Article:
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White Plains Protesters Fight Corporate Donations

WHITE PLAINS, N.Y. -- After joining Occupy Wall Street protesters in Zuccotti Park five times, Nyack College professor Joan Mallory rallied against super PACS' "evaporation of democracy" blocks away from her White Plains home Tuesday.

"I oppose Citizens United. Corporations are not people. They don't work as hard as you and I," Mallory, 69, said of the Jan. 2010 Citizens United vs. the Federal Election Commission Supreme Court ruling that forbids the government from limiting the political spending of corporations and unions. "There're gross inequalities in our society. We have moved to a place where we think human worth is based on net worth."

Nearly 20 others elicited honks from those driving past Renaissance Plaza while chanting against a court ruling they said allows corporations to donate unlimited amounts to super PACS, effectively drowning out donations from individuals.

The MoveOn protest sought to gain support for a constitutional amendment that repeals the Citizens United decision with a candle-lit vigil at the corner of Main Street and Mamaroneck Avenue and march to Rep. Nita Lowey's office (D-Harrison).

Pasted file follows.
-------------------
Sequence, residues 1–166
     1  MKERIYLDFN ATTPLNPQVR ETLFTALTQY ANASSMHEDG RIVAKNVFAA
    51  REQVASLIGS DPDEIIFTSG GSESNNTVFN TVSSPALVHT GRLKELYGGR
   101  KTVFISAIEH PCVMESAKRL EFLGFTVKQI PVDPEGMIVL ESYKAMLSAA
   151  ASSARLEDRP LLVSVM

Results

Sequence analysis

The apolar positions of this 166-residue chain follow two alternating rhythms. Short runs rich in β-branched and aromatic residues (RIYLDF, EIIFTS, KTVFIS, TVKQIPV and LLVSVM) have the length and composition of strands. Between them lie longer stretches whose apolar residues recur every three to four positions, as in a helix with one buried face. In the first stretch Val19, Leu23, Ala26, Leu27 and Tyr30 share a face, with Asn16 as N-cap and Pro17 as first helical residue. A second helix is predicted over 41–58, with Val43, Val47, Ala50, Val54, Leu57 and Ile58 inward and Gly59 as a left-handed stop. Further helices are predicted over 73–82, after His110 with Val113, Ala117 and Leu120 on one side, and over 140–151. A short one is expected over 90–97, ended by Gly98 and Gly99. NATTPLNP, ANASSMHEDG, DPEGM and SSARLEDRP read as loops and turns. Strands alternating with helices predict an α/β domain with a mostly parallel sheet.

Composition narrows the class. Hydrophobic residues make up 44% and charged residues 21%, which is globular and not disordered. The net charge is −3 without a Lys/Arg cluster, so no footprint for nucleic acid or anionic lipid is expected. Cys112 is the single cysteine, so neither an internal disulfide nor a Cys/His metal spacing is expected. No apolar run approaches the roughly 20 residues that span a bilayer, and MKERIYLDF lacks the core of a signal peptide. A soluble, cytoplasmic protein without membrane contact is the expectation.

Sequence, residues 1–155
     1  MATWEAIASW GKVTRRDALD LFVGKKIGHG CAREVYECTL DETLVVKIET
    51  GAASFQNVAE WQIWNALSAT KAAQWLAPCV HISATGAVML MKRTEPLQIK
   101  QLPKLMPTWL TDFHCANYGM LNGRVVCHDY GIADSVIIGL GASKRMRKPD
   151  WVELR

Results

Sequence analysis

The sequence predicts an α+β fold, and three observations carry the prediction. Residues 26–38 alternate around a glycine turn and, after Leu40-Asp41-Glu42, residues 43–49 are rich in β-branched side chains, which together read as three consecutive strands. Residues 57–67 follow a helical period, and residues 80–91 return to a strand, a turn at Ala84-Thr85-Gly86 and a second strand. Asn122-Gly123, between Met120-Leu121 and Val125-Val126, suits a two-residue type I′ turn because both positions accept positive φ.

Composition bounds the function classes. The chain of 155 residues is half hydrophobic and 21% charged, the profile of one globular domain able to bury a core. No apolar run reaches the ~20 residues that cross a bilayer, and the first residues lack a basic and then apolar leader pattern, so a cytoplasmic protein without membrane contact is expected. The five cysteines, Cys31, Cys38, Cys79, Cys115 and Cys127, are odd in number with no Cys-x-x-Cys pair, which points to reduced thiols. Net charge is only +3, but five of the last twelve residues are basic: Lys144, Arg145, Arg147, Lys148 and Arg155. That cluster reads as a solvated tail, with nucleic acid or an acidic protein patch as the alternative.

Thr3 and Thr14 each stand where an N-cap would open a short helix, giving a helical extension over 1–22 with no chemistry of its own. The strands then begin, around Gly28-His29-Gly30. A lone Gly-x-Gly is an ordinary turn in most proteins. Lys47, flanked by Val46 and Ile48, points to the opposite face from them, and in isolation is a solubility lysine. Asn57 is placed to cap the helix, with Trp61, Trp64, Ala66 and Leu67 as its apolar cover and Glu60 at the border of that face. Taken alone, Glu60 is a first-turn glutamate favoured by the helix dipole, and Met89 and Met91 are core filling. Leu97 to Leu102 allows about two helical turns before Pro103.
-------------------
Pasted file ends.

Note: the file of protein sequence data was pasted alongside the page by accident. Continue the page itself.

Protesters said they chose Lowey's office because she is White Plains' representative, not because of her political ideology. Lowey's office did not immediately return a call for comment.

"It gives them the right to donate large sums of money to campaign financing, even anonymously. So really, the corporations are controlling our county," said Marjorie Morales, a New Rochelle organizer with . "There’s no democracy when they’re in charge."

The Occupy Wall Street-inspired protest attracted supporters from across the county, including Teal Martz, 23, a Larchmont resident who said the candles were meant to help empower individuals in an era of "corporate oligarchy."

"The emphasis is that the individual makes up the whole. A single light may not make a difference but a bunch can light up the city," said Martz. "The problem is super PACS happen before people come into the media, so often times they're already planning who's going to win before people know about them."

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